Big Sur and the Oranges of Hieronymus Bosch Summary & Study Guide

This Study Guide consists of approximately 49 pages of chapter summaries, quotes, character analysis, themes, and more - everything you need to sharpen your knowledge of Big Sur and the Oranges of Hieronymus Bosch.
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Big Sur and the Oranges of Hieronymus Bosch Summary & Study Guide Description

Big Sur and the Oranges of Hieronymus Bosch Summary & Study Guide includes comprehensive information and analysis to help you understand the book. This study guide contains the following sections:

This detailed literature summary also contains Topics for Discussion and a Free Quiz on Big Sur and the Oranges of Hieronymus Bosch by Henry Miller.

Big Sur and the Oranges of Hieronymus Bosch by Henry Miller examines the famous writer's struggle to live and write in the Pacific coast paradise, examining how inhabitants strive for peace in an enclave separate from postwar materialism and pandemonium, seekers come and go, and fans upset his equilibrium.

To writer Henry Miller in the mid-1950s, Big Sur, CA, is a place for seeking inner enlightenment, but acclimatizing to it is difficult for urban dwellers like him. Miller pictures a strong but dispersed population that balances letting others live in peace with true helpfulness in words and deeds. He sees in Hieronymus Bosch's most famous triptych a spirit-filled world in which all existence is equally precious. Big Sur shows him that one can perceive paradise by opening enough windows.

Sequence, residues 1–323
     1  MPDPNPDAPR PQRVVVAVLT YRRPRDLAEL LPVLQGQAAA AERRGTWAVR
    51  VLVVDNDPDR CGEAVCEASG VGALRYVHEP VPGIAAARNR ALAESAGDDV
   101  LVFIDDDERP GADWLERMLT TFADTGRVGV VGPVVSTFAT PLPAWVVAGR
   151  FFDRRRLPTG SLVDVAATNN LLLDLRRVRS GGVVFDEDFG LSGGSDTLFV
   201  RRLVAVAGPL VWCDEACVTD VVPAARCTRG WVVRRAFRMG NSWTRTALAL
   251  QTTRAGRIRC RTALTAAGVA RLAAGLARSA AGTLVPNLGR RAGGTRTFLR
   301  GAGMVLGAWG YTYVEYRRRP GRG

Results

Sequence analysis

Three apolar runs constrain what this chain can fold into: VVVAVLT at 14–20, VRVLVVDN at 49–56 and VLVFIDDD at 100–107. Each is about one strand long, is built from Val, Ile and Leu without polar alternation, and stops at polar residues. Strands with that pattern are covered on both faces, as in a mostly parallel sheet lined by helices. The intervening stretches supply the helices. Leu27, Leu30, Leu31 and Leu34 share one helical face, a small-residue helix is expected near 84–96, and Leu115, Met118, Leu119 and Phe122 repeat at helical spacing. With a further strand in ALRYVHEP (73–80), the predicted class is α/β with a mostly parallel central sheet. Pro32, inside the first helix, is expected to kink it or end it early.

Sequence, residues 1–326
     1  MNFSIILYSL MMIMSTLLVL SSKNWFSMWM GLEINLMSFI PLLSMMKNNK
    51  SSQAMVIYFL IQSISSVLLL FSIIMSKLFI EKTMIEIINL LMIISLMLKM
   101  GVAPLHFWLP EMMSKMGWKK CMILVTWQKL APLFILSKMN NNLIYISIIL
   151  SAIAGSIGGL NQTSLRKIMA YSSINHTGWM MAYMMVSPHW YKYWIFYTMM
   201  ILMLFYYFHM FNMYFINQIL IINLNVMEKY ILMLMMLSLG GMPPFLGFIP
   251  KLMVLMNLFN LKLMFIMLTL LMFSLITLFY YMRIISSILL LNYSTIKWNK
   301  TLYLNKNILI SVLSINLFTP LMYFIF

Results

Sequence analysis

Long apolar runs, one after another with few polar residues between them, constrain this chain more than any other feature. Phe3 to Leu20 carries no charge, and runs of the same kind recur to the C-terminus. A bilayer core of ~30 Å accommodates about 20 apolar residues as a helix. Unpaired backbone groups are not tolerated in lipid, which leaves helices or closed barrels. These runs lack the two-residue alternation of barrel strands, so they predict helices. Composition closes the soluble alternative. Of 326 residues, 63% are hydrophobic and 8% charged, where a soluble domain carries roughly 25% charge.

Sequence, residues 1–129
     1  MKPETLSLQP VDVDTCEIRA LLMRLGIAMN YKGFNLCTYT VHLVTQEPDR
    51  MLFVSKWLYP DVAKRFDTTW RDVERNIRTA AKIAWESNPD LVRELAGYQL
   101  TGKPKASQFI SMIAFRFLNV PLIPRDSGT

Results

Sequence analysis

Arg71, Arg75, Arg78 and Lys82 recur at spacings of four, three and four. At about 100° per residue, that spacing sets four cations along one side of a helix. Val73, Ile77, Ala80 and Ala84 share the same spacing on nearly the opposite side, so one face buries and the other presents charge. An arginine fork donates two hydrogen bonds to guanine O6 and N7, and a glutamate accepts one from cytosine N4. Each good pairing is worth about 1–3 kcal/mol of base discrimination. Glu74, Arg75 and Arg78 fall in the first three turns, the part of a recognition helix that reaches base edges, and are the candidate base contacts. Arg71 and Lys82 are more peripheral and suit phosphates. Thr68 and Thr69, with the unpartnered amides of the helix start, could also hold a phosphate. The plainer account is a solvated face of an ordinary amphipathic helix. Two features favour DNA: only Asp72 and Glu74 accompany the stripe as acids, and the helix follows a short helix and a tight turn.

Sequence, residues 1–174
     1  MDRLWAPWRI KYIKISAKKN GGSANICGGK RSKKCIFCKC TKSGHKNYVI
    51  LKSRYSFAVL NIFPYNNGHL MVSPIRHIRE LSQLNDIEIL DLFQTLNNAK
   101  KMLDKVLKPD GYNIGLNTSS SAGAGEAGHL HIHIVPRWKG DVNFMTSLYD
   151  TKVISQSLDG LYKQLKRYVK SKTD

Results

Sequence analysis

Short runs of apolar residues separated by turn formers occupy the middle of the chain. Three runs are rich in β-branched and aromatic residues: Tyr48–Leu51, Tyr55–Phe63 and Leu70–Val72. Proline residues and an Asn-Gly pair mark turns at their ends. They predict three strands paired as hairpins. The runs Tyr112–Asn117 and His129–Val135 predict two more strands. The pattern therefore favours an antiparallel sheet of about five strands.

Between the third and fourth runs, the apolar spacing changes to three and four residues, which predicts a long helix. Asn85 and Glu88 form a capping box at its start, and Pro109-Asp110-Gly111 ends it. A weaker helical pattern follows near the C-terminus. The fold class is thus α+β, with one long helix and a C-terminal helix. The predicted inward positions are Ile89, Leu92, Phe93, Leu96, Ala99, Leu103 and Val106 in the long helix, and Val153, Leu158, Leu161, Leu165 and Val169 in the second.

"Peace and Solitude: a Potpourri," offers fifteen sketches of how people react to this Paradise. These sketches introduce a diverse collection of characters, who involve Miller in a variety of situations that help elucidate his views on life and art in the tense post-World War II era. These include visitors arriving with preconceived notions, locals who see UFOs, hear phantom music, and do bizarre things, and children and the many ways in which parents and schools raise them. His own efforts as a single parent are a poignant comedy of errors.

Miller describes being overtaken by a watercolor mania and his constant economic troubles, which friends and fans always alleviate just in the nick of time. He writes at length about Jean Wharton, a misunderstood and maligned healer, and painter Ephraim Doner, a true image of the Creator. Fan mail is both a burden and a joy. Bosch's painting moves him to contemplate the necessity of "Genuine Love" and looking to "Making a New Fabric" for society. He dedicates a long section to Conrad Moricand, an annoying astrologer whom he befriends in Paris before the war is a special case and deals with as a house guest in 1947 before having to set him free.

The Epilogue reexamines some of the earlier themes, particularly fan mail and the need to concentrate on living in peace and solitude wherever one is. Miller asserts that this is fully possible and blesses the life that he has found in Big Sur.

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This section contains 381 words
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